Mediation Skills in Conflict Resolution

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1 Mediation Skills in Conflict Resolution Presented by the Federal Mediation and Conciliation Service

2 Considerations of Mediator Training Much is common sense Learn skills and approaches No prescribed or right way Mediation is one type of ADR Training does not transform you into a mediator Mediators are neutral, not neutered

3 Roles of the Mediator Advocate of the process Demonstrates empathy for the parties Neutral on the issues and positions Poses positives and negatives

4 Conceptual Goals of Mediation Process of assisted negotiations Involves mutual obligations Conflict management vs. resolution

5 Course Objectives Understand definition of mediation Understand negotiation Understand mediation as assisted negotiation

6 Course Objectives (Con t) Understand role of mediator Understand mediation as type of ADR Acquire knowledge and skills to apply ADR to disputes Practice ADR skills in simulated settings

7 Facilitated Procedures Negotiation Early Neutral Evaluation Mediation Mini Trials Arbitration Least Invasive Most Control Most Invasive Least Control

8 Mediation Gives parties more control Process less formal than adjudication

9 Litigation vs. Mediation Litigation -- relationship between judge and parties. Mediation -- relationship between the parties.

10 Benefits of Mediation Satisfaction Range of Options Effect on Relationships

11 Mediation Settlements More satisfied More creative solutions Feel better toward one another Retain more control Interests are better served

12 Guidelines for Use of Mediation Relationship strained but must continue Miscommunication is apparent, but a neutral would facilitate communication Third party neutral would change dynamics

13 Guidelines for Use of Mediation (Con t) Parties are willing to settle or reevaluate positions Parties interested in retaining control of outcome Sufficient time to reach settlement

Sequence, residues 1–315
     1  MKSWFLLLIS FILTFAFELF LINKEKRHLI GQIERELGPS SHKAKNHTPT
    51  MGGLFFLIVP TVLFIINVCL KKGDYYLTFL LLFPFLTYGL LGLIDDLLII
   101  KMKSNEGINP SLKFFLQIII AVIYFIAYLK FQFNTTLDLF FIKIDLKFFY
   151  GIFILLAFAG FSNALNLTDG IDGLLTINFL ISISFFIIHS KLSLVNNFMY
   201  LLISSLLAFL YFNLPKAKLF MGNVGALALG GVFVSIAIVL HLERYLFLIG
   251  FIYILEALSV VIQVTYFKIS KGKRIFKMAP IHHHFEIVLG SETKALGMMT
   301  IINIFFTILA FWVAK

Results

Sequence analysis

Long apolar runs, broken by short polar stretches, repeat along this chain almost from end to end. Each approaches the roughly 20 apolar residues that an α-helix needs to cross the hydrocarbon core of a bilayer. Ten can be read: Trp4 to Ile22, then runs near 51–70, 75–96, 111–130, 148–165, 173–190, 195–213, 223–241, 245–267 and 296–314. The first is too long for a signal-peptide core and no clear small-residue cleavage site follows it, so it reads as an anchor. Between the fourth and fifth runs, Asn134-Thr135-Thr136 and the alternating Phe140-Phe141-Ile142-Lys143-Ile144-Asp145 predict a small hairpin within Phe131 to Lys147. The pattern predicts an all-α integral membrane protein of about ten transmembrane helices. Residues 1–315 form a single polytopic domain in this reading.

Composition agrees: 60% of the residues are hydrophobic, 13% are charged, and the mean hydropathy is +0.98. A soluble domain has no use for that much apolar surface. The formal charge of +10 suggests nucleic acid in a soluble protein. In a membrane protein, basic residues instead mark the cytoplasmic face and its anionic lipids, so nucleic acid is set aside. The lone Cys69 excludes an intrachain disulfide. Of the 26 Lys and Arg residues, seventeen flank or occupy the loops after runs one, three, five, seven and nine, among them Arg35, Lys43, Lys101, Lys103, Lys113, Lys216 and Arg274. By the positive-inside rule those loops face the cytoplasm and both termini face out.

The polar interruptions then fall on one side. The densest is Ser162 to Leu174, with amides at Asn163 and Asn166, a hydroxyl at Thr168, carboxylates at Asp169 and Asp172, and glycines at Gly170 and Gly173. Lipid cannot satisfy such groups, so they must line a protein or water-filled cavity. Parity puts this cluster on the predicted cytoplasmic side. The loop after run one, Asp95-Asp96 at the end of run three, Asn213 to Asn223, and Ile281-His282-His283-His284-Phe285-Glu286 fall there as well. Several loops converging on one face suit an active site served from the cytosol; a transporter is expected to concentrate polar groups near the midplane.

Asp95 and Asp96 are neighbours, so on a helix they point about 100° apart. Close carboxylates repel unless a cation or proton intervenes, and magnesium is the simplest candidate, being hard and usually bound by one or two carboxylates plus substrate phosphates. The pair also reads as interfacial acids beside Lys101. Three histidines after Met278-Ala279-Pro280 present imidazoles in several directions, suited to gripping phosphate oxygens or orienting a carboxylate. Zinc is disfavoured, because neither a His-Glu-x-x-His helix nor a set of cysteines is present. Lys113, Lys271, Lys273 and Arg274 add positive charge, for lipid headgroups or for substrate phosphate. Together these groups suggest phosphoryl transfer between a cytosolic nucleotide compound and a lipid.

14 Traditional Negotiation Model Issues Positions Arguments Power and Compromise Uneven outcome

15 Interest-Based Model Minimizes the use of power in negotiation Bases negotiation on identifying mutually beneficial solutions

16 Positions vs. Interests Position is understanding what a party feels/believes/wants Interest is determining why something is important

17 Interest-Based Negotiations Terms Issue Position Interest (Mutual and Separate) Options Standards

18 Interest-Based Negotiations Assumptions Communication enhances relationships All parties receive benefits Each party should help the other Open discussion expands interests and options Standards replace power Anger is defused

19 Principles of Interest-Based Negotiations Focus on issues, not personalities Focus on interests, not positions Create options to satisfy both mutual and separate interests Evaluate options according to standards, not power

20 Interest-Based Negotiations Steps Identify the problem Discuss all interests Generate options Select standards to evaluate options Evaluate options using standards Develop solution and capture in writing

21 Interest-Based Negotiations Techniques Brainstorming Consensus-Building Problem-Solving Idea Charting

22 Interest-Based Negotiations Mediator s Role Assisting in identifying interests Helping parties to investigate what is important in a particular demand Probing for specific information that will help analyze a demand Helping to determine what will be gained

23 Mediation Understand definition of mediation Understand mediator s role in mediation process Know stages in a typical mediation

24 Definitions of Mediation An intervention by a third party neutral designed to facilitate negotiation. A voluntary and confidential process in which an impartial third party assists disputants in finding a mutually acceptable solution to their dispute.